Citizens need to remember that we are all fellow Americans. Those who think Trump will ruin their lives are exaggerating. The divisive nature of our country caused this awful election, and I hope that we learned our lesson to prevent another election like this. Trump-voter or not, we all need to keep our heads up and continue striving to make this world a better place for the next generation." ..Tanner

Like any proud grandmother, my eyes teared up as I swelled with pride for these two young men. Cameron is my oldest grandchild, and Tanner voted for the very first time this year. He is a senior in high school. When I wrote him that he was no longer the little boy I remember so well. (The one who hid from me in the library cupboard.) He responded, "I'll always be a kid at heart. I promise!"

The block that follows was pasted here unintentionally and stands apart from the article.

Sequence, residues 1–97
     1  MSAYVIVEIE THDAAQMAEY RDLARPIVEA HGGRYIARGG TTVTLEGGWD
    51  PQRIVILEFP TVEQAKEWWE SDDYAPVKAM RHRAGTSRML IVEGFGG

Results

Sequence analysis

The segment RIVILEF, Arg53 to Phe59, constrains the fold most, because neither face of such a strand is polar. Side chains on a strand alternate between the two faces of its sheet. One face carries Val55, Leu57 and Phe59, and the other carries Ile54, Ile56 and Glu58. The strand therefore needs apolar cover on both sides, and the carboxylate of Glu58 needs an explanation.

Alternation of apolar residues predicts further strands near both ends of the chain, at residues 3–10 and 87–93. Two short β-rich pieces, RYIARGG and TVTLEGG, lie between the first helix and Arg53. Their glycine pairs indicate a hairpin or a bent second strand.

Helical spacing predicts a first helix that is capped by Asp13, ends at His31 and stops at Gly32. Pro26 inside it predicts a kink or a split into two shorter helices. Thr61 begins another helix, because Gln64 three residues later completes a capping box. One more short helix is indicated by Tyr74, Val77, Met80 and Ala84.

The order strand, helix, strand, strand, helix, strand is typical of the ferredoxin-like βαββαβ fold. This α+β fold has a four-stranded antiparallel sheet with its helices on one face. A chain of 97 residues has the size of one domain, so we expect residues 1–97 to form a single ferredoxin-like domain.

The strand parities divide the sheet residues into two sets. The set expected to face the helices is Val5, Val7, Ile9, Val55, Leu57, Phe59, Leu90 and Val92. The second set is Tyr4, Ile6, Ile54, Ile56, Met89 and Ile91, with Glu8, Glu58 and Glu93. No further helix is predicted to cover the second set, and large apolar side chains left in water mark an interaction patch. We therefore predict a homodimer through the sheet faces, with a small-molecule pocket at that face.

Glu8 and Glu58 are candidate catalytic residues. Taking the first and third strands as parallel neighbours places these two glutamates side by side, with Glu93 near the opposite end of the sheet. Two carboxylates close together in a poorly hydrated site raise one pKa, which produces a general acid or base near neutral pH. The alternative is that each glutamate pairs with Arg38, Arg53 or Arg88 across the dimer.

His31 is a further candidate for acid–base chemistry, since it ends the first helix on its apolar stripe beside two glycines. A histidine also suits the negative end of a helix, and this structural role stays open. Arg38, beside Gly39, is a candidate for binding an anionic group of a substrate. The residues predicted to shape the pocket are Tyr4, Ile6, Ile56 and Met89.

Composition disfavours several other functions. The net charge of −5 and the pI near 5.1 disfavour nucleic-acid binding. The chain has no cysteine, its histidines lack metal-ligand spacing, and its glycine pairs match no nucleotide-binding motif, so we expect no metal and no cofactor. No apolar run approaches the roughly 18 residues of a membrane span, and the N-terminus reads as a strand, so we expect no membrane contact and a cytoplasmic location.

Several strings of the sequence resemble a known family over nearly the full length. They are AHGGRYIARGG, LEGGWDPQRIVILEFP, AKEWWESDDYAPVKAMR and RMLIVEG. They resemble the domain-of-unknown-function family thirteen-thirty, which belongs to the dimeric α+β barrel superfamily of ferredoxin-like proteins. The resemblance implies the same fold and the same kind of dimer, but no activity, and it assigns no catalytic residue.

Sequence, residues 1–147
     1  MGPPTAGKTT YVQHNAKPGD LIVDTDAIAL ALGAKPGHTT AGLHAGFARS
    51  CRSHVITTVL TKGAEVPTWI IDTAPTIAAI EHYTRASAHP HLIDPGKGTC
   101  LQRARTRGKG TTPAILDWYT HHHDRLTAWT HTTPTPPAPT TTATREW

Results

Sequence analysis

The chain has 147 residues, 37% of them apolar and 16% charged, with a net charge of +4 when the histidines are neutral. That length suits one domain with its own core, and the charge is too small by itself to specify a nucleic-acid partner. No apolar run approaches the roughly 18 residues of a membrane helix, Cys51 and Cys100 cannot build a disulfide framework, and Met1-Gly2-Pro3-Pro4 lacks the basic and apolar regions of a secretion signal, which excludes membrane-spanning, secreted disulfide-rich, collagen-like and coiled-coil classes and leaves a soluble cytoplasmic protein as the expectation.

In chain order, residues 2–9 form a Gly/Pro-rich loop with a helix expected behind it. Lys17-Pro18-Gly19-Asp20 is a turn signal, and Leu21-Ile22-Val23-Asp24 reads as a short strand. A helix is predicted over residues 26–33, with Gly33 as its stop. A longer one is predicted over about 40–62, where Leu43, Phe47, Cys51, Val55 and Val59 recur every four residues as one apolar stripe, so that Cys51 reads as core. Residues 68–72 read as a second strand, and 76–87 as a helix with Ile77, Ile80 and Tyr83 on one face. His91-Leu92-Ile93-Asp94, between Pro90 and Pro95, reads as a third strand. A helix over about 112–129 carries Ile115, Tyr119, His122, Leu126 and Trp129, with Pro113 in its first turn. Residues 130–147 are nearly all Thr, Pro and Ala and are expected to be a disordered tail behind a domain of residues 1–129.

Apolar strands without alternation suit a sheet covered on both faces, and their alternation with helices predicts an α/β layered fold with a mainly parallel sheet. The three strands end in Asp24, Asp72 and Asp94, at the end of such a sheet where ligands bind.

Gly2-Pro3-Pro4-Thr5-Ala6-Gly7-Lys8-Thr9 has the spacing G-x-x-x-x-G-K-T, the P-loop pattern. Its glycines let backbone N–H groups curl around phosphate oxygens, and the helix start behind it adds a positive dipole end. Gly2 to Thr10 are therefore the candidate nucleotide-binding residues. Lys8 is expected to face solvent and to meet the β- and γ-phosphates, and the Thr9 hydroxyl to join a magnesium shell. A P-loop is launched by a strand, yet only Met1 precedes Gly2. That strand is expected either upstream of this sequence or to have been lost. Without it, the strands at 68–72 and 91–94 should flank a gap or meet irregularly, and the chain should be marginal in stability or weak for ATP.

I have highlighted many events in the lives of these two on this blog. They are among the finest in the nation of their generation. Their parents, my older son Craig, and daughter Carajean and her husband Branch, are to be congratulated upon raising such fine men. Our future will be secure in their hands one day. They are handling the election results better than a lot of us "elders".

Cameron first posted the above on his Facebook page following election night. I heard from a good friend who remembers him from his childhood days singing at our Unity Church, "I was incredibly impressed with what Cameron posted on Facebook. Wonderfully astute young man. Hope I'll be voting for HIM for president some day!"

We might  just do that, Pam.

Peace, Love, and Hope for our future.


I'm sorry to interrupt the flow if you were reading this, but I just received a powerful statement from my granddaughter, Hannah, who is Cameron's sister. Not old enough to vote yet, but look out, world, she's on her way!